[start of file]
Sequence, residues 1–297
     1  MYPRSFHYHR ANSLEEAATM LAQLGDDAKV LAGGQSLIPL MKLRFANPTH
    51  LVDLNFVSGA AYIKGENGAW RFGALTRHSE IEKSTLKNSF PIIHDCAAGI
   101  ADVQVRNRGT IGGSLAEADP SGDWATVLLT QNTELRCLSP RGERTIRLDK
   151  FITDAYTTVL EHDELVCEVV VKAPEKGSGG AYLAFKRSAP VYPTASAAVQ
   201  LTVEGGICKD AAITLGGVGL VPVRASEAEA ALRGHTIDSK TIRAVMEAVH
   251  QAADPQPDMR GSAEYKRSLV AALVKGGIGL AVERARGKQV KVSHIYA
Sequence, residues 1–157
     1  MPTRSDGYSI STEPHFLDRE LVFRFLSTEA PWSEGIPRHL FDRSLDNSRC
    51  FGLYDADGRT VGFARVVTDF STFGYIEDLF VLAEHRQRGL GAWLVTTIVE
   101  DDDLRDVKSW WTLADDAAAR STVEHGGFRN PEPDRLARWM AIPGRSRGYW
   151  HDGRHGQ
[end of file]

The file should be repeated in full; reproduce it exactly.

Sequence, residues 1–297
     1  MYPRSFHYHR ANSLEEAATM LAQLGDDAKV LAGGQSLIPL MKLRFANPTH
    51  LVDLNFVSGA AYIKGENGAW RFGALTRHSE IEKSTLKNSF PIIHDCAAGI
   101  ADVQVRNRGT IGGSLAEADP SGDWATVLLT QNTELRCLSP RGERTIRLDK
   151  FITDAYTTVL EHDELVCEVV VKAPEKGSGG AYLAFKRSAP VYPTASAAVQ
   201  LTVEGGICKD AAITLGGVGL VPVRASEAEA ALRGHTIDSK TIRAVMEAVH
   251  QAADPQPDMR GSAEYKRSLV AALVKGGIGL AVERARGKQV KVSHIYA
Sequence, residues 1–157
     1  MPTRSDGYSI STEPHFLDRE LVFRFLSTEA PWSEGIPRHL FDRSLDNSRC
    51  FGLYDADGRT VGFARVVTDF STFGYIEDLF VLAEHRQRGL GAWLVTTIVE
   101  DDDLRDVKSW WTLADDAAAR STVEHGGFRN PEPDRLARWM AIPGRSRGYW
   151  HDGRHGQ